This project will create a series of recorded webinars to provide practitioners with essential aspects of road safety training, with modules that explore issues including measurement, human behavior, problem solving, and program implementation. It was recently proposed by the Road Safety Standing Committee, and has an estimated funding requirement of $145,000. Funding partners are required. Get more information

Vehicle Loads Synthesis and Recommendations
This project will compile traffic and vehicle load data from various jurisdictions, and determine the adequacy of traffic load provisions in the Canadian Highway Bride Design Code as well as standard agency-specific truck factors for pavement design. It will develop a discussion paper with recommendations about vehicle loadings and truck pavement design equivalent single-axle load factors. It was proposed jointly by the Structures Standing Committee and Pavements Standing Committee, and has a funding requirement of $100,000 which has been met by 12 funding partners. Get more information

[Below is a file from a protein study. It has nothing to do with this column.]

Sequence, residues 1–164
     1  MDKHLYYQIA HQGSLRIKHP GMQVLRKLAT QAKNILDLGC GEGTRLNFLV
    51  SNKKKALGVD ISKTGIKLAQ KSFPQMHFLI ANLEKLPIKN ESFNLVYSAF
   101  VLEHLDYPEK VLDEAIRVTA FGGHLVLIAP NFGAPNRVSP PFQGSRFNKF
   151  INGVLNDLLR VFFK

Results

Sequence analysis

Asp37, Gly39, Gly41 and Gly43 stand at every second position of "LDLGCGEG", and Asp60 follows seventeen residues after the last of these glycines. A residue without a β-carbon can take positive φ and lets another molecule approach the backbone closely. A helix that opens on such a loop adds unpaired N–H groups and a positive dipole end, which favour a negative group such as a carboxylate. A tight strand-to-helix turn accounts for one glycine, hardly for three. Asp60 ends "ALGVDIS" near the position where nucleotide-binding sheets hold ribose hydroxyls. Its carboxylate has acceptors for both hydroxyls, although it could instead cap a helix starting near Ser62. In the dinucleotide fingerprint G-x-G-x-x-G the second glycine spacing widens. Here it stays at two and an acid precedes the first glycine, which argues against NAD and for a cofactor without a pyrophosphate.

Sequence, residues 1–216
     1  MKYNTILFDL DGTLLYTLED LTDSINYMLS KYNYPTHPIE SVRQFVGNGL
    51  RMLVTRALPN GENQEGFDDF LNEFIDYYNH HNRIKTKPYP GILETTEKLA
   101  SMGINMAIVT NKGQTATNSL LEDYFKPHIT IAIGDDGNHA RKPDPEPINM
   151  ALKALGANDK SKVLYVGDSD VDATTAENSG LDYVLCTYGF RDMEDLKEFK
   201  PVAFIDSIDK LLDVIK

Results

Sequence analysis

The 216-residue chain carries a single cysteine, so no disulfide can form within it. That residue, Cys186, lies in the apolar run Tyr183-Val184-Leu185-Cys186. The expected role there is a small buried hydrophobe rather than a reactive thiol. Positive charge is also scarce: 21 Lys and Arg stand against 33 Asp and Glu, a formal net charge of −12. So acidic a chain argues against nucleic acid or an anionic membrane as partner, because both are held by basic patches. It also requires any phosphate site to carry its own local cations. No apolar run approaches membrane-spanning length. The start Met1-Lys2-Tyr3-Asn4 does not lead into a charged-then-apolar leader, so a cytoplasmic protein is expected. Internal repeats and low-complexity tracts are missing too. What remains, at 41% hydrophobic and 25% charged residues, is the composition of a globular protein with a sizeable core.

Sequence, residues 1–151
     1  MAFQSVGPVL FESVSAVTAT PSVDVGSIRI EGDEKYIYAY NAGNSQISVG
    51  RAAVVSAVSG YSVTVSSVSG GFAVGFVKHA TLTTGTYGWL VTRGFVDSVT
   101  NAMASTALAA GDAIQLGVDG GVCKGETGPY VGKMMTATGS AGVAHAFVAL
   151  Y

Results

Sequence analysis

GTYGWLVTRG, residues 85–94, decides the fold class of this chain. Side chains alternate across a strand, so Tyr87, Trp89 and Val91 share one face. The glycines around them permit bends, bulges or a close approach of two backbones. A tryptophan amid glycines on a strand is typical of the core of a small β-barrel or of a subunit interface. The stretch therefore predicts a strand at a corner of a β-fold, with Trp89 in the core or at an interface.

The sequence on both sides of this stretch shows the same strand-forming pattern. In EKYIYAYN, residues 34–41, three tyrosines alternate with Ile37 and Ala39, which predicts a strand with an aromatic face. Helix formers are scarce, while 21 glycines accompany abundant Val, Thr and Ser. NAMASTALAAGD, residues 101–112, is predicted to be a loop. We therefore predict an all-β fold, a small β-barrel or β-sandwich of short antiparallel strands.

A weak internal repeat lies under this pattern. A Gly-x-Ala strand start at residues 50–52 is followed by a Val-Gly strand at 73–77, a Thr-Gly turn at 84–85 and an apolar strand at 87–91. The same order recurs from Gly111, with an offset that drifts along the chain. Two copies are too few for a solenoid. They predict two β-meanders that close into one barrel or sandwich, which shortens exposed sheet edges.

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Projects in Progress

Best Practices for Evaluating Soil and Material Stabilization Products
This project is developing a synthesis of best practices for evaluating soil and material stabilization treatments, and recommend guidelines to help Canadian agencies evaluate and select soil stabilization products to support long-term roadway performance. It was proposed by the Soils and Materials Standing Committee, and will conclude in 2020. Get more information

Bicycle Infrastructure in Canada: Safety Performance (Present & Future)
This project will help practitioners evaluate the safety performance of bicycle facilities. The main deliverable will be a supplement to TAC’s Traffic Signal Guidelines for Bicycles (2014) and Bikeway Traffic Control Guidelines for Canada (2012), and will include case studies on the safety performance of different bicycle facility types as well as safety heuristics. It was proposed by the Road Safety Standing Committee, and is expected to conclude in 2019. Get more information